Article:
Perfect Seal Deca ($1450)
Perfect Seal’s Deca and the S-EM9 have little in common; where the S-EM9’s frequency response goes up, Deca’s goes down – and vice versa. The result of two very different intended tunings. Deca was designed to sound natural, with a focus on a faithful reproduction of instruments; especially string instruments. The S-EM9 in turn is tuned to sound both fun and precise, based on an engaging bass and high resolution.
Deca’s stage is slightly more spacious than the S-EM9; particularly its width. It’s also a bit airier, as result of its laid-back bass. But when it comes to the quality of the stage, the S-EM9 pulls ahead; its imaging is more precise, as is its layering. The result is a more focused image, and a more precise instrument positioning; a more three-dimensional picture, despite its smaller proportions.
The S-EM9’s musicality starts with its bass, a low-reaching, and deliciously impactful bass. Deca’s bass equally has proper low-end extension, and there’s nothing wrong with its speed. But it isn’t tuned for fun, as it’s significantly lighter than average – it’s a bass for people that want their bass to behave. In tone and definition there isn’t much to set them apart.
As both have a modest center midrange bump, they share some similarities in their midrange. It isn’t overly forward, thick, or full. But there’s a nice bit of density in the vocal presentation, that gives them size and solidity. But it’s in the upper midrange where they truly depart – Deca’s turn to shine. Deca’s instruments sparkle and shimmer, beautiful in tone; the S-EM9 isn’t quite as accurate in its timbre. It’s a bit warmer though, but also leaner.
Their trebles converge again in score, but with different qualities. The S-EM9’s is articulate, detailed, and quick; Deca’s are warmer and more accurate in tone. Overall, Deca’s treble is more pleasing in tone, but the S-EM9’s are a good deal more precise, not in the last place because of its superior extension.
Noble Katana ($1849)
Sporting 9 BA drivers, there isn’t an iem that comes closer to the S-EM9 in design. Plus, the two iems share more than their driver count. They also seemed to be designed from a somewhat similar philosophy; an enhanced bass and lower treble reveals a similar yearn for musicality. Nevertheless, their presentation is more different than similar, with Katana having greater balance throughout its signature, and the S-EM9 generally being more precise.
Katana’s stage is significantly larger, especially its width. It’s also a bit cleaner due to its upper treble peak; the S-EM9 has a warmer tone running through its stage, partially due to its stock cable. While the S-EM9 can’t quite match the Katana in its overall dimensions, it takes advantage of several factors in its presentation: a leaner note size, higher resolution, and more precise layering – besting the Katana in separation as result.
Although both iems share an engaging bass, they’re different variants. Katana’s bass is a closer resemblance to classic BA-driven bass, being tighter and quicker. The S-EM9’s bass in turn reaches a bit lower, and sounds more natural in its delivery; its speed and decay. In addition it’s a bit more natural in tone. Both share similar definition.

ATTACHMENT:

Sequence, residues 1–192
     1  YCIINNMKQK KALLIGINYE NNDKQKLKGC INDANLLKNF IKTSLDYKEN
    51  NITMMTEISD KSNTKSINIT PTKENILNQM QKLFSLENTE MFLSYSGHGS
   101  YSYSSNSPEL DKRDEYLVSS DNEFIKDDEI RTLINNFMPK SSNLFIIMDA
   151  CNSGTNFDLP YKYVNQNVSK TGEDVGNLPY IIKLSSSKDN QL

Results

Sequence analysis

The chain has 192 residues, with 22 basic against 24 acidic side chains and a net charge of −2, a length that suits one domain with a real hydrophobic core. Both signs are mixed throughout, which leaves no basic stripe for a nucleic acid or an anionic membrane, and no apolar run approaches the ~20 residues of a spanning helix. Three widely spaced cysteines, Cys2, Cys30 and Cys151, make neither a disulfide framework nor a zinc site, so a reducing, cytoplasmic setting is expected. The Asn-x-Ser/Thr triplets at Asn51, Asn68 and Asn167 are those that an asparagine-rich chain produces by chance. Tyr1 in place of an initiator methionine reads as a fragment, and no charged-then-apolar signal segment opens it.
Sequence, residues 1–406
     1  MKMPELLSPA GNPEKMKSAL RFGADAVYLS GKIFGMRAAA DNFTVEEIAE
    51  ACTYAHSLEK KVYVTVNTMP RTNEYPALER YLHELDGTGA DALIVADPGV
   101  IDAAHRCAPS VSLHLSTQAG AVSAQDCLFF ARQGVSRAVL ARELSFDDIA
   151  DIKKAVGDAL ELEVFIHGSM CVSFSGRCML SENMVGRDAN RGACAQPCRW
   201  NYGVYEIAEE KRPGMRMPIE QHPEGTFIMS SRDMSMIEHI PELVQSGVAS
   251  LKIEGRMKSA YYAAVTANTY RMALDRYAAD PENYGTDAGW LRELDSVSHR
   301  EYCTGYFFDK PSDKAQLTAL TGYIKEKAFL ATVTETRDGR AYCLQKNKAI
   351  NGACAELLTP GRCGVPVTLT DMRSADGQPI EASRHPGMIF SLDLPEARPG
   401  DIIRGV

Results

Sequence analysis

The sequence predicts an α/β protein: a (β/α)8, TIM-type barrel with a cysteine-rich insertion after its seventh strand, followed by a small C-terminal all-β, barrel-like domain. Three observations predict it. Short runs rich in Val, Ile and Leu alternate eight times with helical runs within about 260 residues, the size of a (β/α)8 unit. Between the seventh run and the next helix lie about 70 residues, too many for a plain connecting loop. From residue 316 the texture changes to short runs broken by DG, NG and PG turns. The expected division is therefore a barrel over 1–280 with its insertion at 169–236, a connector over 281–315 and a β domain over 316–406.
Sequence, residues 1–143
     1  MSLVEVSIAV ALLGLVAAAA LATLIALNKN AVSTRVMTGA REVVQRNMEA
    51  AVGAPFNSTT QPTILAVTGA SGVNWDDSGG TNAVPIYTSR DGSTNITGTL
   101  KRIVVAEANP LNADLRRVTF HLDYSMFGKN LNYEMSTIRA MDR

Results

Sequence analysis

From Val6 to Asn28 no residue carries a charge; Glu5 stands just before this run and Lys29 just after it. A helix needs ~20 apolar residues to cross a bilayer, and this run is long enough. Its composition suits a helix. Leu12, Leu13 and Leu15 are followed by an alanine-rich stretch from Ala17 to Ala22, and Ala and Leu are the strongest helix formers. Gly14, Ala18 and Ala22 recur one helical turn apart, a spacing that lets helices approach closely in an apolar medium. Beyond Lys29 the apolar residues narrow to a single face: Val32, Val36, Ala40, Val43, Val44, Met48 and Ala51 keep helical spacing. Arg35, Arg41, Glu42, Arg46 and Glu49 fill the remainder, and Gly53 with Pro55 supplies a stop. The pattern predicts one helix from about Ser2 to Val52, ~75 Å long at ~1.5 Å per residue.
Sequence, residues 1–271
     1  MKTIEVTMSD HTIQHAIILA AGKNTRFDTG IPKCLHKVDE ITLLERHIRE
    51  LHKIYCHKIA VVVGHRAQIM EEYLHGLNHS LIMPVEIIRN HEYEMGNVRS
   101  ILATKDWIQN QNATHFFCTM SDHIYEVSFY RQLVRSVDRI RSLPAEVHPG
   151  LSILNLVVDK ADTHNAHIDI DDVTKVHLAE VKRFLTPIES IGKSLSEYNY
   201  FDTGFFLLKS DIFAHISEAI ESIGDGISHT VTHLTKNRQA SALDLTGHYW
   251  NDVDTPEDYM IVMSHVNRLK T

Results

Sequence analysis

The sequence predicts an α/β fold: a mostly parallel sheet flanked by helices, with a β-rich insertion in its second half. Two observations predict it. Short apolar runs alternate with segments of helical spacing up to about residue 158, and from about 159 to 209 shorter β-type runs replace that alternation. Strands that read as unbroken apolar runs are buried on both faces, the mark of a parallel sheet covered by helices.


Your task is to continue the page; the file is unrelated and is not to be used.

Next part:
The midrange is where they more steadily depart. Katana’s vocals are more forward, and larger in size. There’s also a greater balance throughout the vocal range, where the S-EM9’s top end is a bit more attenuated, resulting in a compacter size. Similarly, this affects the body of instruments. And as a result of the relatively more enhanced treble, Katana’s midrange has greater clarity. The S-EM9’s midrange on the other hand is a bit warmer in tone, and smoother.
Similarly, the Katana’s treble is a bit brighter in tone. They might share a lower treble peak, Katana has an upper treble peak just for itself. The result is overall more clarity in the signature, and a more upfront detail presentation. The S-EM9’s treble is a bit smoother, as well as quicker. In addition, its treble extends significantly further. While their transparency is similar, the S-EM9 has greater resolution.
‘Musical’ is one of those awesome semi-audiophile definitions to characterize a signature, even though it’s a bit empty as a term – it’s highly personal and subjective by nature. By definition, everyone will have their own interpretation of what musical means. In a practical sense, it’s usually used to point out an iem has sufficient bass, in contrast to being ‘analytical’ or ‘technical’. But who says musical can’t be precise?
The S-EM9 is EarSonics’ own interpretation of musical – musicality based on precision. It displays top tier performance across the board: excellent imaging, resolution and separation. The S-EM9 makes it very easy to follow the music, to see the picture as a whole. But to be labeled as musical, just precision won’t suffice; you’re going to have to add some pretty dynamic bass and treble to the mix. Sure enough, a punchy bass drives the music, while an articulate treble enhances its rhythmic feel – as if it’s made to sound fast, even when standing still. It’s the reason I like to play fast electronic music with the S-EM9. Not that it doesn’t work for other genres, but it’s that combination of compact notes and high precision that lets the music dance in front of your eyes.
While I’m well aware I need to keep cable talk to a minimum, the S-EM9 deserves better than its stock cable. I can speculate and say it might be due to it’s higher than average impedance, but I can’t say for sure. I can however say it doesn’t make the most of its excellent top-end extension. But whatever the case; when properly paired, the S-EM9’s precision is hard to beat. Add that punchy bass, and this isn’t only EarSonics’ definition of musical – it’s also mine.
+’Musical’: bass and treble tuning